To my mind

Finweek English Edition - - Letters - BY COLLEEN NAUDÉ colleenn@fin­

AT­TACK IS THE best means of defence. And this adage springs to mind when hear­ing what Thabo Mbeki had to say to busi­ness lead­ers at his re­cent im­bizo in Gaut­eng. He blamed them for the prob­lems be­ing en­coun­tered by small, mi­cro and medium en­ter­prises – the so-called SMMEs.

The Pres­i­dent crit­i­cised busi­ness lead­ers for not demon­strat­ing the type of lead­er­ship that would help elim­i­nate the chal­lenges faced by small busi­nesses. It’s prob­a­bly true that suc­cess­ful busi­ness lead­ers play an im­por­tant part as role mod­els in the com­mu­nity.

But to say that it’s their re­spon­si­bil­ity to en­sure the suc­cess of small busi­ness­men is stretch­ing it too far.

That’s where the strat­egy of at­tack as the best means of defence comes in. The Pres­i­dent’s at­tack on busi­ness lead­ers was a clever ploy to di­vert at­ten­tion from crit­i­cism from their ranks con­cern­ing is­sues such as the high cost of telecom­mu­ni­ca­tions and trans­port and South Africa’s dire skills short­age.

And when black busi­ness­men had the courage to protest that they’re bat­tling to ob­tain fi­nance and train­ing, which is ex­ac­er­bated by late pay­ments by State de­part­ments – thereby cre­at­ing enor­mous cash flow prob­lems for SMMEs – Mbeki clev­erly di­verted the of­fen­sive.

Though Mbeki’s strat­egy of blam­ing busi­ness lead­ers helped him save face, surely he couldn’t ever have imag­ined it would di­vert at­ten­tion from SA’s real prob­lems.

Other is­sues raised – such as the lack of in­fra­struc­ture, poor ser­vice de­liv­ery by State de­part­ments and in­ad­e­quate sup­port for SMMEs – must ob­vi­ously be laid at Gov­ern­ment’s door.

And talk is cheap – es­pe­cially in Gov­ern­ment cir­cles – con­cern­ing the need to pro­mote en­trepreneur­ship, as if to cre­ate the im­pres­sion that this is akin to a mir­a­cle cure for SA’s un­em­ploy­ment prob­lem. Nev­er­the­less, the level of en­trepreneur­ship in SA still falls far short of what’s be­ing ac­com­plished in other coun­tries, as mea­sured by var­i­ous cri­te­ria used in the Global En­trepreneur­ship Mon­i­tor (GEM), com­piled an­nu­ally by the Univer­sity of Cape Town.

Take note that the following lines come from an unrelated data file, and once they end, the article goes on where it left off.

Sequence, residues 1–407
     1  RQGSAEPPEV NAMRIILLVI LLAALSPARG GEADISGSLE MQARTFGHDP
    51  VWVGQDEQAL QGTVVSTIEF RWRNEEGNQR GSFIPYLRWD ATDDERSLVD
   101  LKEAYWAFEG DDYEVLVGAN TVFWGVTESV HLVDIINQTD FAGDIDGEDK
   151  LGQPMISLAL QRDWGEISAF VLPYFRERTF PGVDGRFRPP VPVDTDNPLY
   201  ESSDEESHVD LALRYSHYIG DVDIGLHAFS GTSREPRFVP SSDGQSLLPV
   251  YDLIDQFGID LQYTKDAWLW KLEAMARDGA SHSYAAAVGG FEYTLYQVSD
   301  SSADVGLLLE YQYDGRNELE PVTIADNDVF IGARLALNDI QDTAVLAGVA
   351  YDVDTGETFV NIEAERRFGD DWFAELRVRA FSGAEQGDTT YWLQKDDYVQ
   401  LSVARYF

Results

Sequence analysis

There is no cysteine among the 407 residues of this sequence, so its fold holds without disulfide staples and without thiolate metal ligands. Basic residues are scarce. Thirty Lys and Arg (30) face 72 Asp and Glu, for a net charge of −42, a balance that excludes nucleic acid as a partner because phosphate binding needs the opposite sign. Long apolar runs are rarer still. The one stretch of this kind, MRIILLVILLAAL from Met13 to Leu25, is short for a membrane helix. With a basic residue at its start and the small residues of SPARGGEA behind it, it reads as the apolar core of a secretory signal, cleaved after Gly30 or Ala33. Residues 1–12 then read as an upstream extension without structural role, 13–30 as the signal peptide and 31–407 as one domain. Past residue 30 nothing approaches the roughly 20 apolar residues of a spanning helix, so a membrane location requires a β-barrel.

The latest sur­vey, is­sued ear­lier this year, showed that the pro­mo­tion and sup­port of en­trepreneur­ship in SA are gen­er­ally still in­ad­e­quate.

Ad­mit­tedly, there are ma­jor ob­sta­cles – such as ac­cess to fi­nance – that busi­ness lead­ers should ad­dress more in­no­va­tively. Re­search un­der­taken for GEM in­di­cates, among other things, that banks re­quire too much col­lat­eral from en­trepreneurs.

But Gov­ern­ment isn’t ex­on­er­ated in the re­port, Mr Pres­i­dent. Pro­pos­als con­cern­ing Gov­ern­ment pol­icy in­clude eas­ing the ad­min­is­tra­tive bur­den on en­trepreneurs and sim­pli­fy­ing reg­u­la­tory pro­cesses. Fur­ther­more, Gov­ern­ment should re­frain from in­tro­duc­ing new reg­u­la­tions be­fore their ef­fect on SMMEs has been thor­oughly in­ves­ti­gated, and a dis­tinc­tion should be made in labour law for small busi­nesses to al­low them more flex­i­bil­ity in their for­ma­tive years.

What’s cause for con­cern is that th­ese rec­om­men­da­tions, plus a long list of more spe­cific ones, have been high­lighted in GEM re­ports since 2001 as mat­ters re­quir­ing ur­gent at­ten­tion.

“There’s the per­cep­tion that the rel­e­vant stake­hold­ers have, in the past, not ad­dressed all of th­ese rec­om­men­da­tions,” the re­port says.

The rec­om­men­da­tions in­clude a list of more than 20 in which Gov­ern­ment is specif­i­cally named.

The re­port also says that cor­rup­tion and ne­po­tism must be erad­i­cated by the po­lit­i­cally pow­er­ful, that pol­icy con­flicts should be high­lighted and solved be­tween Gov­ern­ment de­part­ments and that ser­vice de­liv­ery at var­i­ous Gov­ern­ment lev­els must im­prove dras­ti­cally – one of the se­ri­ous con­cerns raised by busi­ness­men at Mbeki’s im­bizo.

Judg­ing from the ev­i­dence of a prop­erly re­searched doc­u­ment like GEM, the prob­lems raised seem valid and Mbeki cer­tainly has a con­sid­er­able amount of work to do fix­ing short­com­ings in his own ranks rather than re­vert­ing to at­tacks on SA busi­ness.

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